Turner was not the only artist to have work collected by the third Lord Egremont, who also purchased works by Gainsborough, Reynolds and Flaxman. Egremont was, however, his patron, offering him accommodation as well as commissions. Turner’s response is among the finest in an extensive display throughout the great house.
Additionally, Turner was inspired by the landscape of the park and pleasure grounds that spread over 700 acres, in part designed by Capability Brown fifty years before Turner’s visit. The lake features in at least one of the paintings, where the 17th century house is seen across its water. In the 1820s the North Gallery was added by Lord Egremont to house the collection, which includes important Dutch and Flemish paintings as well as sculpture.
Turner’s contribution is seen from the second room one enters and continues with, on Monday afternoons, one work in a family room not otherwise open. There is no attempt made to isolate them, so a Turner landscape is hung beneath a portrait of a sixteenth century aristocrat. Nor are the landscapes restricted to Petworth or even Sussex. Eton, the Thames and Windsor Castle are also to be seen along with some unspecified locations. In almost all of course is the unique handling of light, particularly at sunrise or sunset.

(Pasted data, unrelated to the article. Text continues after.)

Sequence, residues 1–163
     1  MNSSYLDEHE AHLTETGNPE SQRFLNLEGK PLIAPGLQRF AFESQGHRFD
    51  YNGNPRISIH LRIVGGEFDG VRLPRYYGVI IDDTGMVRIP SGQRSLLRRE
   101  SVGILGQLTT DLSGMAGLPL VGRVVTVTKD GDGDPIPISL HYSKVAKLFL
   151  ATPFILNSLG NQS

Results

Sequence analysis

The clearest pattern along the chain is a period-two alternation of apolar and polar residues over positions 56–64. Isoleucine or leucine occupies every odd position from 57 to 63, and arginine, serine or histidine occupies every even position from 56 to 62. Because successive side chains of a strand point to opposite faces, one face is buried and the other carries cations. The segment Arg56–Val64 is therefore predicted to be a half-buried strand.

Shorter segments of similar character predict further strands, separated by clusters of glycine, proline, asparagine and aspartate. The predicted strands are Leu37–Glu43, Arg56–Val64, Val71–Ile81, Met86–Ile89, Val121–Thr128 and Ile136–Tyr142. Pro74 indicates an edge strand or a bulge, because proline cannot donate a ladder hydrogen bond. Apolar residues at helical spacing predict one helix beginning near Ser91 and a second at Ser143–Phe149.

Naturally, visitors look at all the works displayed, unless they have leisure to view one particular artist or period exclusively. It does help, though, in recalling or reviewing Petworth, to concentrate. Hence this view of Turner, with others as bonus because they happen to fit into the same view.
While most have the angled light characteristic of Turner, one seascape is rather more conventional. Nonetheless the handling of paint is accomplished. I am reminded of the story of Turner’s rivalry with Constable, when both had submitted seascapes to the Royal Academy. Turner had been incensed by a large Constable work and returned on varnishing day, when no additional painting should have been possible before the opening, to add an eye catching bright red buoy to his foreground, with the result that Constable’s work was largely ignored.
Not the most moral of men but a superbly atmospheric painter.